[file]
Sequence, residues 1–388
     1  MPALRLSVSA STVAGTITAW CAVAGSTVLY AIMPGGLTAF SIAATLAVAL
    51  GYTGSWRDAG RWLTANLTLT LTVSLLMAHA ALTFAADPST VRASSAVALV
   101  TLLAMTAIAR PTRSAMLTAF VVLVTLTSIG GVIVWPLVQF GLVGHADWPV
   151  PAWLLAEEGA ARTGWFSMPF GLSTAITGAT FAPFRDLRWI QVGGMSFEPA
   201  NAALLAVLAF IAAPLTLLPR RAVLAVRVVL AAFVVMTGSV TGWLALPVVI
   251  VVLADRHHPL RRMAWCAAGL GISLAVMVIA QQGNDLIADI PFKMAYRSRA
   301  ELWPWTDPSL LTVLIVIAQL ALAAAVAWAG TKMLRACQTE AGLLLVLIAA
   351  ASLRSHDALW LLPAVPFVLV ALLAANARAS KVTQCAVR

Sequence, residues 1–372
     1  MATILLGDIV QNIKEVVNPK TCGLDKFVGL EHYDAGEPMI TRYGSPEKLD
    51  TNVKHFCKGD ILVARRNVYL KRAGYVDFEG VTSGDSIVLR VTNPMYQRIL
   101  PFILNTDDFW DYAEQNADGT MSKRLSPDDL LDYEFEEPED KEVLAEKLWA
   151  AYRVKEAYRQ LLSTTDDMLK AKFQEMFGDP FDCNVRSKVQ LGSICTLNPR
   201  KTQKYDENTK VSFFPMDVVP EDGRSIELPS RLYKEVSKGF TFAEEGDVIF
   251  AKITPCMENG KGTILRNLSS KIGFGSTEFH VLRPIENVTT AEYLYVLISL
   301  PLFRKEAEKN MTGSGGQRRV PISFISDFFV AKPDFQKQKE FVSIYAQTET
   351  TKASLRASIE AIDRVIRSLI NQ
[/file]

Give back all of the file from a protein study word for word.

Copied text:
Sequence, residues 1–388
     1  MPALRLSVSA STVAGTITAW CAVAGSTVLY AIMPGGLTAF SIAATLAVAL
    51  GYTGSWRDAG RWLTANLTLT LTVSLLMAHA ALTFAADPST VRASSAVALV
   101  TLLAMTAIAR PTRSAMLTAF VVLVTLTSIG GVIVWPLVQF GLVGHADWPV
   151  PAWLLAEEGA ARTGWFSMPF GLSTAITGAT FAPFRDLRWI QVGGMSFEPA
   201  NAALLAVLAF IAAPLTLLPR RAVLAVRVVL AAFVVMTGSV TGWLALPVVI
   251  VVLADRHHPL RRMAWCAAGL GISLAVMVIA QQGNDLIADI PFKMAYRSRA
   301  ELWPWTDPSL LTVLIVIAQL ALAAAVAWAG TKMLRACQTE AGLLLVLIAA
   351  ASLRSHDALW LLPAVPFVLV ALLAANARAS KVTQCAVR

Sequence, residues 1–372
     1  MATILLGDIV QNIKEVVNPK TCGLDKFVGL EHYDAGEPMI TRYGSPEKLD
    51  TNVKHFCKGD ILVARRNVYL KRAGYVDFEG VTSGDSIVLR VTNPMYQRIL
   101  PFILNTDDFW DYAEQNADGT MSKRLSPDDL LDYEFEEPED KEVLAEKLWA
   151  AYRVKEAYRQ LLSTTDDMLK AKFQEMFGDP FDCNVRSKVQ LGSICTLNPR
   201  KTQKYDENTK VSFFPMDVVP EDGRSIELPS RLYKEVSKGF TFAEEGDVIF
   251  AKITPCMENG KGTILRNLSS KIGFGSTEFH VLRPIENVTT AEYLYVLISL
   301  PLFRKEAEKN MTGSGGQRRV PISFISDFFV AKPDFQKQKE FVSIYAQTET
   351  TKASLRASIE AIDRVIRSLI NQ